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Hedging his bets on global ag
Jeffrey Rechkemmer, 59, has a penchant for plain talk and cigars. Born in Oelwein, Iowa, he grew up in Texas. Today, he directs farm operations at FarmGate in Ukraine’s uber-fertile corn belt.
Rechkemmer made his first visit to Ukraine in 1994, while working as a John Deere service consultant. A growing interest in Ukraine kept him returning for more. In 2003, he started farming with 1,000 hectares (2,500 acres), backed by investments made by five American farmers.
Today, FarmGate is a multinational owned by investors from the Netherlands, Ukraine, and the U.S. Located in the Khmelnytkyi Oblast region of Ukraine, its rich Chernozem (literally, black earth) soil is precious – and productive.
“Most of the investment money is from Holland, but I’d say 15% comes in from Ukraine and America,” Rechkemmer says. The executive office is based in Kiev, Ukraine’s capital.
He oversees 17,500 acres of corn, soybeans, winter wheat, barley, molting barley, and rapeseed (used for fuel or canola oil, depending upon its purity). FarmGate is in the process of acquiring another 15,000 acres.
“We’re a small agri-holding,” Rechkemmer says. “There are probably 20 groups around us farming 250,000 acres, as well as around 200 with 50,000 acres.
“Our area has gone from wheat and sunflowers to corn and beans in the last five years because there’s more profit,” he adds. “Corn and bean acres are exploding.”
U. S. equipment drives production
Equipment is run 24 hours a day, seven days a week, from July 1 through December 15.
“It stays in the field, and workers guard it due to rampant theft,” he says. FarmGate favors John Deere products because of the service level, but it recently purchased a Horsch planter.
FarmGate has a Sukup dryer. “We’ve got a double-capacity dryer, so we’ve stacked two together,” Rechkemmer says. “We can dry 400 metric tons, or 14,000 to 15,000 bushels a day.”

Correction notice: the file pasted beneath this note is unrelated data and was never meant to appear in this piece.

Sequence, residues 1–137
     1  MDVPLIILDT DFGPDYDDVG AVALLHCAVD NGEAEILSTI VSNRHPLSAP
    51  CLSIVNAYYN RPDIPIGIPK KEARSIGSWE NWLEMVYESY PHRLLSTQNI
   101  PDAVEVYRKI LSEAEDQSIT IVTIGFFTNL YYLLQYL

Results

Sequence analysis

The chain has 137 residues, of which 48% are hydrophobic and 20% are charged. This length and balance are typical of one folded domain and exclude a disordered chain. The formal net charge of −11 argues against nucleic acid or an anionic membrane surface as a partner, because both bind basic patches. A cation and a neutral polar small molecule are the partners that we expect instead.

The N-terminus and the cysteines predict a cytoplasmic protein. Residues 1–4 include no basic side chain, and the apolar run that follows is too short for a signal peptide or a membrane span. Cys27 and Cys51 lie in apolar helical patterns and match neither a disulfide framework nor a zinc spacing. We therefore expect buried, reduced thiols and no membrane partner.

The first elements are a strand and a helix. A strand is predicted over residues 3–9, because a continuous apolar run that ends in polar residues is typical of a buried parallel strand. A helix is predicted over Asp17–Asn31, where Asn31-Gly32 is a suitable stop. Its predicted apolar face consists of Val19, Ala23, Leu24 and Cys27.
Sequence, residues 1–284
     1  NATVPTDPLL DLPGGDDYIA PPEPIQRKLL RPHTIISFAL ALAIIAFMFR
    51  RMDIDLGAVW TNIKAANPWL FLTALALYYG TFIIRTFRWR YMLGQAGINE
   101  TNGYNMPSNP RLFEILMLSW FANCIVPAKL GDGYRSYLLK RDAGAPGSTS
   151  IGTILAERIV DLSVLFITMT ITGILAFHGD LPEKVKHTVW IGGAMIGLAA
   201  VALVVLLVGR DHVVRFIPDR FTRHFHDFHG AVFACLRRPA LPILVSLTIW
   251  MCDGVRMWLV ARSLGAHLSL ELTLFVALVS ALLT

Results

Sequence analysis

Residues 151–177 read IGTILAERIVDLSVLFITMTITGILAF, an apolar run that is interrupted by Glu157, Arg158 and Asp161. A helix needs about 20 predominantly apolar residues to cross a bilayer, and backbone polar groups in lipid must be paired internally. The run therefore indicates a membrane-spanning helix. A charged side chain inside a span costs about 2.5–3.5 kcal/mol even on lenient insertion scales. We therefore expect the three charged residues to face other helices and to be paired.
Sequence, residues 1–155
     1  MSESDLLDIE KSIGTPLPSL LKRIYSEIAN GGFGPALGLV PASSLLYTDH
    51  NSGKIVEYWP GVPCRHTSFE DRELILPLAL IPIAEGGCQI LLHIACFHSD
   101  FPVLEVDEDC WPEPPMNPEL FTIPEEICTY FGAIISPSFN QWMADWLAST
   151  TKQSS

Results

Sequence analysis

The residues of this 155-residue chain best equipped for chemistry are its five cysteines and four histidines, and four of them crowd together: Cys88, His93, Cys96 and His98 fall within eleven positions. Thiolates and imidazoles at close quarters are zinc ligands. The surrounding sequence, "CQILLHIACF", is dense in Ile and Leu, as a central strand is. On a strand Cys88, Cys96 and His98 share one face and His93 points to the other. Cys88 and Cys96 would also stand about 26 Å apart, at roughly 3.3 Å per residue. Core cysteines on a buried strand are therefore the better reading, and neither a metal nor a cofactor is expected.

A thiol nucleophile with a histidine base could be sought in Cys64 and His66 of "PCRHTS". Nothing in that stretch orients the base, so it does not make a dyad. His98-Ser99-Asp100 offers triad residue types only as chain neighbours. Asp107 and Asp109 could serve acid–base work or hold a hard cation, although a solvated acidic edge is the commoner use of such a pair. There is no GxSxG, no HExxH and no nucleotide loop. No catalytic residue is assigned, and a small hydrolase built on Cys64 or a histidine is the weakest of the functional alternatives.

Natural resources are plentiful. “We get about 30 inches of rain a year. That’s better than Russia, but Russia has great soil,” he says. “We’ve got the rain, the soil, now we’ve got the management. You can’t buy artistry. Farming is artistry – knowing what to do. They’re a bit short of it in Ukraine.”
Rechkemmer follows global issues closely. He thinks the EU will make GMO concessions during the USA-EU free-trade agreement talks. Known as the Transatlantic Trade and Investment Partnership, it accounts for one third of global trade.
“There are some GMOs in Ukrainian soybeans,” he says. “GMOs are not illegal here. You have to report it, produce samples, and tell buyers. Our company doesn’t grow GMOs.”
Rechkemmer is candid about growing global competition. “If U.S. farmers are going to be top exporters in the world, they’ll have to continue to be the low-cost producers, and that will be hard,” he says. “I can make money on $4 corn; Americans can’t. It’s a problem.”
However, he says Ukraine has its challenges. “When I buy gas in Ukraine, 12¢ a liter goes to road tax,” he says. “The country has improved the roads since I’ve been here, but it has a long way to go.”
Ukraine also is shackled by its land-ownership system. “It’s an opportunity for people like me,” he says. “For those with 2 or 3 acres or for small villagers given land, they’re not allowed to sell land shares. I’m required to rent it from them for about 1 ton of wheat. The federal government must figure it out.”
Known as a mentor to area farmers, Rechkemmer isn’t slowing down. “I plan on being in Ukraine for four or five years,” he says. “I’m buying land in Texas as an investment now.”